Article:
Friends of mine would rather leave the country than spend time in Wellington in October and November. It’s this time of year that Wellington most earns it’s weather reputation as being wild and windy. It’s a worrying time of year if you’re growing fruit trees since there is a high probability of the fruit tree blossom being blown off the try before the bees have had their chance to work their magic. We only planted our first fruit trees 3 years ago so it’s a tad optimistic to expect much of a fruit crop yet but with every year the chances improve.
I’ve become a total fan of Marco Diacono who writes the most engaging and informative books about growing edibles. Most recently I was treated to the River Cottage Handbook on Fruit and the page turner Taste of the Unexpected both of which boosted my enthusiasm for growing fruit. The only frustrating thing about reading these books is it invariably starts an often futile and frustrating search for varieties which are just not available in New Zealand and the Biosecurity restrictions would prevent us from importing them to New Zealand.
Nevertheless I did get rather distracted at the garden centre and ladened my trolley with new fruit trees. I was most excited by the possibilities of growing Medlars which have graced the tables for centuries although you won’t find them in any supermarket. Also mulberries which are equally prized. I threw in a couple of hazelnut trees on account of the fact that we don’t seem able to get Hazelnut yoghurt here so thought I’d have to make my own (although I did actually spot some in the supermarket straight after I bought the trees). After the joy of harvesting berries in the kitchen garden last year I added blackcurrant, tayberry, boysenberry and another variety of raspberry to boost our soft fruit variety list.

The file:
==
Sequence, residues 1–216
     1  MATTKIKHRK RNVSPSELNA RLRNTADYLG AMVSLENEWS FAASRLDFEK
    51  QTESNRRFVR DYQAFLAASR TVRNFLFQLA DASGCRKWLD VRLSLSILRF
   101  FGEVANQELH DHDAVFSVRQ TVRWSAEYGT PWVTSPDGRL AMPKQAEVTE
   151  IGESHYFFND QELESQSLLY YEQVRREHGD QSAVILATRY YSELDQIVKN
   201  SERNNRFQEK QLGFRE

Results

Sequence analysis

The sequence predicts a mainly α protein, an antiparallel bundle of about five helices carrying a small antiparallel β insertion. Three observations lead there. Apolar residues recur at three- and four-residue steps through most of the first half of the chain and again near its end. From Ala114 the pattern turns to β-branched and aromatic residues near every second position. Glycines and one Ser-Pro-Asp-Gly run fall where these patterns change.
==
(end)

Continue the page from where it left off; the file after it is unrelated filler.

I’m in two minds about whether to grow peaches, apricots and any more citrus fruit. We certainly have a perfect spot in the kitchen garden but I worry that the Wellington weather just isn’t warm enough to do them justice. I’m sure I’ll revisit that decision next year as the more I read about eating apricots straight of the tree the more attractive proposition it sounds.
Fruit is of course quite high maintenance requiring special care and attention but I think it’s worth it. I’m getting some new framing built so we have a more secure place to hang the bird netting over and protect my fruit harvest and I’ll be paying special attention to my cherry trees which had the cherries stripped bare by the birds in one fowl swoop.
On last count we now are growing over 20 different fruits in the garden which should the fruit bowl well stocked. I can see the day when we’ll have to have a special store shed though for the orchard fruit so we can keep them fresh and enjoy them through the winter months. Let’s hope that this bee did the business pollinating the trees before the wind and rain knocked the blossom off the trees!